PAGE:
The universal symbol for female, coupled with writing emphasizing its exclusivity to that one gender. Was it really so unclear that the owner of the restroom needed to post two signs side-by-side? The juxtaposition of two nearly semantically identical alerts suggests that one alone wasn’t doing the trick. The original sign (most likely the larger one in the top left) conveys the message a bit more delicately, while the smaller sign peremptorily restricts men with underlined red lettering. The surrounding population of the neighborhood is predominantly foreign-born, so maybe the English is difficult for some, but even then, it’s hard to imagine that potential users might mistake the woman symbol on both if these warnings, an icon whose crudeness makes it that much more ecumenical.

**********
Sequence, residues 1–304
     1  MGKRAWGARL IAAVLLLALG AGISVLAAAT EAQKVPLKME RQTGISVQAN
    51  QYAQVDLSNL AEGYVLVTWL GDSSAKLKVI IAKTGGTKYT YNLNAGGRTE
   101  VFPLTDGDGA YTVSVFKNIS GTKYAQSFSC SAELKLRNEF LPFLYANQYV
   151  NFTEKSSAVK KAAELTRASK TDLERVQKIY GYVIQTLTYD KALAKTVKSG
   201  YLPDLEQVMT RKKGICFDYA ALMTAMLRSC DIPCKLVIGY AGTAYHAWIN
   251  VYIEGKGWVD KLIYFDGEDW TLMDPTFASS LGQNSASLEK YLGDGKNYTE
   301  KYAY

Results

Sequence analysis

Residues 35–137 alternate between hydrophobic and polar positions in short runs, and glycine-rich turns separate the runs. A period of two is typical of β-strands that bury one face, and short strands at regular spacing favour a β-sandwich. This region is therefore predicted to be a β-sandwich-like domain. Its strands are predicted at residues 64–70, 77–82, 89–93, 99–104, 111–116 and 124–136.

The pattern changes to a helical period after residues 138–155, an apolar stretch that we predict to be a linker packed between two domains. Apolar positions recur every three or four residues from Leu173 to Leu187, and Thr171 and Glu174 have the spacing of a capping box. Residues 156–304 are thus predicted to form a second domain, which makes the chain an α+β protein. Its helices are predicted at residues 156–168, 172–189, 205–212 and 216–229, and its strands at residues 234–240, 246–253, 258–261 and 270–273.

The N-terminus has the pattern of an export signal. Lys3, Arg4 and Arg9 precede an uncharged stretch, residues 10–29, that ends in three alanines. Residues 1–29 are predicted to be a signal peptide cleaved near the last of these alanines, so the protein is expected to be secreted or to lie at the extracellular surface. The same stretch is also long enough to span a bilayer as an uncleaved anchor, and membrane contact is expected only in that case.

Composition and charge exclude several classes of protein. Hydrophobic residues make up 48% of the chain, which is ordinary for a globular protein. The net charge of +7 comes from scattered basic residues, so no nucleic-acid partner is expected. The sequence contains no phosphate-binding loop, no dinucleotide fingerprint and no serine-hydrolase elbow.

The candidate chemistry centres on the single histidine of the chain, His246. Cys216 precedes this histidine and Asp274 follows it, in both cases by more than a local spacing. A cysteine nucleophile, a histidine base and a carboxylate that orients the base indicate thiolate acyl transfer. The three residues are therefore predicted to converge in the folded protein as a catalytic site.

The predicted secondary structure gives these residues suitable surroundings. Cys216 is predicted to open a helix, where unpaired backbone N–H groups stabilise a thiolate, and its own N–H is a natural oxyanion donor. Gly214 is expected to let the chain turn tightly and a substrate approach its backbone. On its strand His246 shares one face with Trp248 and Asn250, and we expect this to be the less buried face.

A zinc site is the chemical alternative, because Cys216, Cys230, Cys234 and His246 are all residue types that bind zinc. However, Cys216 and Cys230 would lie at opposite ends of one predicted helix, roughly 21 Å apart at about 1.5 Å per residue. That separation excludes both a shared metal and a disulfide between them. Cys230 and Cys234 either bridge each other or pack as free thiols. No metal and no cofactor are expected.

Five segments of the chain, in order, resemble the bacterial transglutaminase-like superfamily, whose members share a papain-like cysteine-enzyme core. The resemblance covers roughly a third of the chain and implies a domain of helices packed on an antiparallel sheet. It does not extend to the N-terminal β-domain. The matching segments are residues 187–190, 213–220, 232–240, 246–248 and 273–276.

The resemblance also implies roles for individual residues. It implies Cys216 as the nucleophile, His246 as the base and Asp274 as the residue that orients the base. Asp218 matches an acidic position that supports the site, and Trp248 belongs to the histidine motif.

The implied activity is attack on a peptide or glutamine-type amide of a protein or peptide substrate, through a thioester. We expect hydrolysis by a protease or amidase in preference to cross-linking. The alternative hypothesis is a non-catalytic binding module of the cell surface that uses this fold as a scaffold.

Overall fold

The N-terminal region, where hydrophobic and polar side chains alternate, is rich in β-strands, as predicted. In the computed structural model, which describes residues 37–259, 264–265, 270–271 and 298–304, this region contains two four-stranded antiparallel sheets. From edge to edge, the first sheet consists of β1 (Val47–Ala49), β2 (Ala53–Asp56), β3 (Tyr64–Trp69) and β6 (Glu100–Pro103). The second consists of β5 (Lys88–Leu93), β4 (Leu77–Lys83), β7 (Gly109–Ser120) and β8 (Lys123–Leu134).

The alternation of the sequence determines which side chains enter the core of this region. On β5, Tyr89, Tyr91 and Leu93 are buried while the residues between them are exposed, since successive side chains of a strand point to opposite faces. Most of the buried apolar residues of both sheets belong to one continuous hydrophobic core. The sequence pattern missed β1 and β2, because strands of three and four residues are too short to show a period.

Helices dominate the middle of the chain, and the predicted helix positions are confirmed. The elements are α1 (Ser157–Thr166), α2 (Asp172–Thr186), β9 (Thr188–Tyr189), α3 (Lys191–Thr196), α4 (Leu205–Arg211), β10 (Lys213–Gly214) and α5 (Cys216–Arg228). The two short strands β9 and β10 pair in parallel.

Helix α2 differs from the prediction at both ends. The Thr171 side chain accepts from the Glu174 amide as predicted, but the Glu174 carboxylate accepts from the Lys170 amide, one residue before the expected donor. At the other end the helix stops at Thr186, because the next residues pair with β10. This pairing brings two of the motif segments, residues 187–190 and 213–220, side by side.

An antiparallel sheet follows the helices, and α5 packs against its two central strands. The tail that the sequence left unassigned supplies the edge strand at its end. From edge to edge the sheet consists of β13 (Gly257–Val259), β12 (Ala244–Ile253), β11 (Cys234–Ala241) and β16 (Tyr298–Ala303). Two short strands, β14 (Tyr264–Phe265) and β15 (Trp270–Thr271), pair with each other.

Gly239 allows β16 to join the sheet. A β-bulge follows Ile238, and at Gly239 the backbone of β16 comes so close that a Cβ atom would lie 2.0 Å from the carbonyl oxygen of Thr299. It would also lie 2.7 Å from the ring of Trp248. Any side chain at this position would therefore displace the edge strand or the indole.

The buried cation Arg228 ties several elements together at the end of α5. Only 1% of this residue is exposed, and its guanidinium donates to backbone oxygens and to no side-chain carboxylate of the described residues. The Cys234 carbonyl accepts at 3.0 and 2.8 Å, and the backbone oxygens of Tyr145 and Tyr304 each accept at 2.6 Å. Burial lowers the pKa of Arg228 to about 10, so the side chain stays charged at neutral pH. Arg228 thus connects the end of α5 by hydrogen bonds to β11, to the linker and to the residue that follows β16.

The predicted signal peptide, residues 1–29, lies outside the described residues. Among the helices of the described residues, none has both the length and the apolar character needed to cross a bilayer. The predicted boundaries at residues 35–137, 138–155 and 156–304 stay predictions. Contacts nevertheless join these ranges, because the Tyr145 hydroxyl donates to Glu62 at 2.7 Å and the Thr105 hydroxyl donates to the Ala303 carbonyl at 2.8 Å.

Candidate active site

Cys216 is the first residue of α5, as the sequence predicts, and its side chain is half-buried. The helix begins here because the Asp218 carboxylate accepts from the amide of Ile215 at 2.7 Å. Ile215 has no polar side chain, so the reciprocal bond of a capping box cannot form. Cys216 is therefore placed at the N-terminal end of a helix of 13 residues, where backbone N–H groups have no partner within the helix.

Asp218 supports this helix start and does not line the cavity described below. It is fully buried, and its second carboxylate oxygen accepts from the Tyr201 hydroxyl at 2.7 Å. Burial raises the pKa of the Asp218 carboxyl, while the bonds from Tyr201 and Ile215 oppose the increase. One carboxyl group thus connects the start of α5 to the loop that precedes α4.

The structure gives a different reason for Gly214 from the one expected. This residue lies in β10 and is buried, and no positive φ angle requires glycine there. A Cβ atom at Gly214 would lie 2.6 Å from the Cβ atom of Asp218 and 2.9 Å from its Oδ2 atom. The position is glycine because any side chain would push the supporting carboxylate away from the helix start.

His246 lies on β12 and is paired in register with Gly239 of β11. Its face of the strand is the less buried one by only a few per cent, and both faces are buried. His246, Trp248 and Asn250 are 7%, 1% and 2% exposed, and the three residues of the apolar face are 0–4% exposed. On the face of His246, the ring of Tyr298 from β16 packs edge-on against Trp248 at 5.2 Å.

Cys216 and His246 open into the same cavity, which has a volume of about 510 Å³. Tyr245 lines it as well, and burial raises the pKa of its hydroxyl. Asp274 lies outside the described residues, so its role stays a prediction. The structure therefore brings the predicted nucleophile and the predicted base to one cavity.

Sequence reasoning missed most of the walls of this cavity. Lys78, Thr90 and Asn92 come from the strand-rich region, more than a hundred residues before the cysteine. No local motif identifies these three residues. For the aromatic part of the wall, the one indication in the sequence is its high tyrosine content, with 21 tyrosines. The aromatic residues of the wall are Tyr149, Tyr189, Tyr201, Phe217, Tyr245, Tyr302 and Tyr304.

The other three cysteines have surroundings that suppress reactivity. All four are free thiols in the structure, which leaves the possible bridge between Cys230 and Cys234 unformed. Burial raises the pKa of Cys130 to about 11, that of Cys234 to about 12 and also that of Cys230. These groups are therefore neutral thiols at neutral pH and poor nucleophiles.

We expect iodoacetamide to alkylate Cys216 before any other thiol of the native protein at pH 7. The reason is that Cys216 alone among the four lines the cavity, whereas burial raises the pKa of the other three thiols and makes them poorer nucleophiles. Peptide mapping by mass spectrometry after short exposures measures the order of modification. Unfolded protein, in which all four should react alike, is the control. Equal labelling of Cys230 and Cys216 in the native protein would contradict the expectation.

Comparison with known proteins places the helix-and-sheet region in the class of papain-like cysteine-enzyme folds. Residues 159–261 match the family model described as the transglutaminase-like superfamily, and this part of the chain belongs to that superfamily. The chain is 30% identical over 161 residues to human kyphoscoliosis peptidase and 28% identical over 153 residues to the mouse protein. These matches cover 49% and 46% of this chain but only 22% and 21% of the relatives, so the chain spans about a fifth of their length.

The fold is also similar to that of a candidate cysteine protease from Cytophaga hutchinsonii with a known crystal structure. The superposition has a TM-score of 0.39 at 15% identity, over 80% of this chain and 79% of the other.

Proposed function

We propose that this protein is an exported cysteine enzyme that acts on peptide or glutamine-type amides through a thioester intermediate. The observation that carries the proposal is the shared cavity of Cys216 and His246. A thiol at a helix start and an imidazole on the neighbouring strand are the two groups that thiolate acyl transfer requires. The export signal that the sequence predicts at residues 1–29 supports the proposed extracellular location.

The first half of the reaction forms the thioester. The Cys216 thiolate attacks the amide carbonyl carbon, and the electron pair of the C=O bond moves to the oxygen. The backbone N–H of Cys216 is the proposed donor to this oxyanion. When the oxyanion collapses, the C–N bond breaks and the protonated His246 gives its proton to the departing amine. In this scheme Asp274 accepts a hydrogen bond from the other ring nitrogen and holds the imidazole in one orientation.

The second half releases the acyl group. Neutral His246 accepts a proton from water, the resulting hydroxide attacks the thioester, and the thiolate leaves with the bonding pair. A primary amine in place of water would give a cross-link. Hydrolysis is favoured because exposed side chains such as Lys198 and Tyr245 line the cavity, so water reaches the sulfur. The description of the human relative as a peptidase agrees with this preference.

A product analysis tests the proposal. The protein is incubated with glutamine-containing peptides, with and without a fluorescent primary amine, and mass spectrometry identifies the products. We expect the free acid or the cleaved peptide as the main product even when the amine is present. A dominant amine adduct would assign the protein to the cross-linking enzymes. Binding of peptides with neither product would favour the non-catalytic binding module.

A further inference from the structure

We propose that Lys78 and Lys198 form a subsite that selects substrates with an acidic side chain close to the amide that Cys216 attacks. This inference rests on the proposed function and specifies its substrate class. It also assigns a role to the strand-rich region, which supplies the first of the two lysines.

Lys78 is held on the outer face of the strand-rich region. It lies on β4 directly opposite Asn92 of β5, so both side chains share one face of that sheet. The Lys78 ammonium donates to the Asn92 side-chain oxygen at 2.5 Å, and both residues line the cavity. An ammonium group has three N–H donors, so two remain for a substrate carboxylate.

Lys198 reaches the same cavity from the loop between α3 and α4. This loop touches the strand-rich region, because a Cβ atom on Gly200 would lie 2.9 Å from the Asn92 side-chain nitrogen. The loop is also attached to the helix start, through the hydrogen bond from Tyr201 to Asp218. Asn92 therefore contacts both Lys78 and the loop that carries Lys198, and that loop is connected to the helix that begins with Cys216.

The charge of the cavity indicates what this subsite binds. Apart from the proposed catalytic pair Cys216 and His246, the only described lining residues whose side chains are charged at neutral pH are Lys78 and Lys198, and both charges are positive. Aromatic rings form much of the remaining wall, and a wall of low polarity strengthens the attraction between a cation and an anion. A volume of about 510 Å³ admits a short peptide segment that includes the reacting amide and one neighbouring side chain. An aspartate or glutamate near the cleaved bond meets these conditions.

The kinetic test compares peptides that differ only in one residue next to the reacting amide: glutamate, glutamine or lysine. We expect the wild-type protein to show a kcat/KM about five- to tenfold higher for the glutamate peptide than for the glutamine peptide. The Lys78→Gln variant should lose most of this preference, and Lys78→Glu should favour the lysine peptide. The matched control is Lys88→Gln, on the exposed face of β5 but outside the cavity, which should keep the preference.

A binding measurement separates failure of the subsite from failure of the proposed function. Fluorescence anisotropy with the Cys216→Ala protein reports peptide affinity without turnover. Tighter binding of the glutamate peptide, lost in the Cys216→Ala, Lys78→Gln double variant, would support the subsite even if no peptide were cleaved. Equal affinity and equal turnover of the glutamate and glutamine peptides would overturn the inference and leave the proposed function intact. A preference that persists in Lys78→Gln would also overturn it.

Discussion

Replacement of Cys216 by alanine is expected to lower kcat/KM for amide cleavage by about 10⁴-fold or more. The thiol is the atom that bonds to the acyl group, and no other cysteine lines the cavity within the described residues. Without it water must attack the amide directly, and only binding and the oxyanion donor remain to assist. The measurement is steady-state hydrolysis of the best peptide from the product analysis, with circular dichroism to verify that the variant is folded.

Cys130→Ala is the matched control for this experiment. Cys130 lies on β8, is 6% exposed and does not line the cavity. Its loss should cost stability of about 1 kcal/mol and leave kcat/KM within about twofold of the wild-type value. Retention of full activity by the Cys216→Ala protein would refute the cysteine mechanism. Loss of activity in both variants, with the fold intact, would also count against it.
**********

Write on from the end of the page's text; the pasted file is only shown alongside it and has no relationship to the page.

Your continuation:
These postings rest on a building along
Not surprisingly, that’s the Portuguese flag protruding to the left. What distinguishes this community from others across the country—as well as there in northern New
Returning to the signage, one cannot help but wonder if the owner was trying to eliminate confusion for the out-of-towners rather than the locals. The choice of the letters WC for “Water Closet” is a curious one, though it is widely used in some western European countries. I know it is preferred by many in